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4 ways AI could help us respond to climate change

Yes, AI uses a lot of energy—but it can still be valuable when it comes to mitigating climate change.

4 ways AI could help us respond to climate change
[Source photo: Andriy Onufriyenko/Getty Images]

Advanced AI systems are coming under increasing criticism for how much energy they use. But it’s important to remember that AI could also contribute in various ways to our response to climate change.

Climate change can be broken down into several smaller problems that must be addressed as part of an overarching strategy for adapting to and mitigating it. These include identifying sources of emissions, enhancing the production and use of renewable energy, and predicting calamities like floods and fires.

My own research looks at how AI can be harnessed for predicting greenhouse gas emissions from cities and farms or to understand changes in vegetation, biodiversity, and terrain from satellite images.

Here are four different areas where AI has already managed to master some of the smaller tasks necessary for a wider confrontation with the climate crisis.


AI could help reduce energy-related emissions by more accurately forecasting energy supply and demand.

AI can learn patterns in how and when people use energy. It can also accurately forecast how much energy will be generated from sources like wind and solar depending on the weather and so help to maximise the use of clean energy.

For example, by estimating the amount of solar power generated from panels (based on sunlight duration or weather conditions), AI can help plan the timing of laundry or charging of electric vehicles to help consumers make the most of this renewable energy. On a grander scale, it could help grid operators pre-empt and mitigate gaps in supply.

Researchers in Iran used AI to predict the energy consumption of a research center by taking account of its occupancy, structure, materials, and local weather conditions. The system also used algorithms to optimize the building’s energy use by proposing appropriate insulation measures and heating controls and how much lighting and power was necessary based on the number of people present, ultimately reducing it by 35%.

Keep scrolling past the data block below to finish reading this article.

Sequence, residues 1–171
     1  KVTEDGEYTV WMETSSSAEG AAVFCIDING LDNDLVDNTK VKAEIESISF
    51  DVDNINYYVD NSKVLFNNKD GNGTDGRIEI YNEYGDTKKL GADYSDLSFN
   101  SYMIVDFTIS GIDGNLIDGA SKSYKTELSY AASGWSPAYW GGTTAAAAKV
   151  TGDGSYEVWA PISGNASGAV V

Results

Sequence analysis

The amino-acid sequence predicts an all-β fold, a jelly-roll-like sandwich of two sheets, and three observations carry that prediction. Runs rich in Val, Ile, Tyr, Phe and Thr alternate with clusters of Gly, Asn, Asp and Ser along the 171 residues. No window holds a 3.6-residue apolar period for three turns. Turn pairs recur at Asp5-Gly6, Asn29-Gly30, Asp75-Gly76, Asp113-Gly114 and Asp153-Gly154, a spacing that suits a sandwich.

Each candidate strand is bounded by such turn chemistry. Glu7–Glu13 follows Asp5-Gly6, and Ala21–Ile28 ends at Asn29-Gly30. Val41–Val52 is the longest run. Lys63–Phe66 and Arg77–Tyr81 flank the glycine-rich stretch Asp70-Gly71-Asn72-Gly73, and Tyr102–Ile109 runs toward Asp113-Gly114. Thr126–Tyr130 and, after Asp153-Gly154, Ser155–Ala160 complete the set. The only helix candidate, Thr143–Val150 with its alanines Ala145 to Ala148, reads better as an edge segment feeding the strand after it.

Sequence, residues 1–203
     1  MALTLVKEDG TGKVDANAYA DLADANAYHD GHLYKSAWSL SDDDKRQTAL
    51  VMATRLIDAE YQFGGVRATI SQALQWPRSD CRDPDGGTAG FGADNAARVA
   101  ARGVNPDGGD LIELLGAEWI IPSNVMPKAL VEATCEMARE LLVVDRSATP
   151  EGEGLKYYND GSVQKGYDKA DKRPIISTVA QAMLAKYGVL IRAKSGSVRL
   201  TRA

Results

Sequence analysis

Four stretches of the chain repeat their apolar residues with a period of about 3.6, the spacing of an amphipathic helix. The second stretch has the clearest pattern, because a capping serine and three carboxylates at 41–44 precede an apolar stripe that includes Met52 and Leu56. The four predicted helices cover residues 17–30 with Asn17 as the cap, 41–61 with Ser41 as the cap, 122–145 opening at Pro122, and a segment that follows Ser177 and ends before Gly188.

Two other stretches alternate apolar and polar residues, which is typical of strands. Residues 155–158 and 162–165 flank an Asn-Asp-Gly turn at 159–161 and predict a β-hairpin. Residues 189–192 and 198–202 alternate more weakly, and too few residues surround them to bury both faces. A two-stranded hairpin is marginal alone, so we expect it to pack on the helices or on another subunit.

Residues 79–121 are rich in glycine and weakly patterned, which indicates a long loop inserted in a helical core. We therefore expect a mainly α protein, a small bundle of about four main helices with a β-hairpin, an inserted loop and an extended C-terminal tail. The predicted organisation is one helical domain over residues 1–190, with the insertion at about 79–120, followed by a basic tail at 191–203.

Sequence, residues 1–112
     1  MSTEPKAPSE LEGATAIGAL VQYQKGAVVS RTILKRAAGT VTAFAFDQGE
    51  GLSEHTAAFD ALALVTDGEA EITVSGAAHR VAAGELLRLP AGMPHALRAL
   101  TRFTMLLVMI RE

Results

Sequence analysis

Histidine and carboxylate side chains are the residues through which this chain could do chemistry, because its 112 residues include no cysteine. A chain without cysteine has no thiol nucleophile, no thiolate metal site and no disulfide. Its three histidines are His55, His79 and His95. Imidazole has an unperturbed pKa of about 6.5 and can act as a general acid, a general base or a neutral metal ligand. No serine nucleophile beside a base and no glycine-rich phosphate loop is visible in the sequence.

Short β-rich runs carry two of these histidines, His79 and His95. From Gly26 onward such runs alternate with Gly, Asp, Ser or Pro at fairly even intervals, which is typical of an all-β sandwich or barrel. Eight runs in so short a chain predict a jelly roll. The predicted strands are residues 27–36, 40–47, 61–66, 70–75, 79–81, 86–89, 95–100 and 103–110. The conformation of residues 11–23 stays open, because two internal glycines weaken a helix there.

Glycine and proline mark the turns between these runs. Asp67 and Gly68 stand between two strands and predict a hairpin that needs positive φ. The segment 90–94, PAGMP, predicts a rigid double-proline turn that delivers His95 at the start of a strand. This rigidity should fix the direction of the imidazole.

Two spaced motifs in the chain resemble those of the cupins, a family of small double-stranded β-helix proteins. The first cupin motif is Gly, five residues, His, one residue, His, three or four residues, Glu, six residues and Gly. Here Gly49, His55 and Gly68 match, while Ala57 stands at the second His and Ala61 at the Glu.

Transport accounts for roughly one-fifth of global CO₂ emissions. AI models can encourage green-travel options by suggesting the most efficient routes for drivers, with fewer hills, less traffic, and constant speeds, and so minimize emissions.

An AI-based system suggested routes for electric vehicles in the city of Gothenburg, Sweden. The system used features like vehicle speed and the location of charging points to find optimal routes that minimized energy use.


Studies have shown that better farming practices can reduce emissions. AI can ensure that space and fertilizers (which contribute to climate change) are used sparingly.

By predicting how much of a crop people will buy in a particular market, AI can help producers and distributors minimize waste. A 2017 study conducted by Stanford University in the U.S. even showed that advanced AI models can predict county-level soybean yields.

This was possible using images from satellites to analyse and track the growth of crops. Researchers compared multiple models to accurately predict crop yields, and the best performing one could predict a crop’s yield based on images of growing plants and other features, including the climate.

Knowing a crop’s probable yield weeks in advance can help governments and agencies plan alternative means of procuring food in advance of a bad harvest.


The prediction and management of disasters is a field where AI has made major contributions. AI models have studied images from drones to predict flood damage in the Indus basin in Pakistan.

The system is also useful for detecting the onset of a flood, helping with real-time rescue-operation planning. The system could be used by government authorities to plan prompt relief measures.

These potential uses don’t erase the problem of AI’s energy consumption, however. To ensure AI can be a force for good in the fight against climate change, something will still have to be done about this.

Lakshmi Babu Saheer is director of Computing Informatics and Applications Research Group, Anglia Ruskin University.

This article is republished from The Conversation under a Creative Commons license. Read the original article.

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Joshua S. Fu is the chancellor’s professor in engineering, climate change, and civil and environmental engineering at the University of Tennessee. More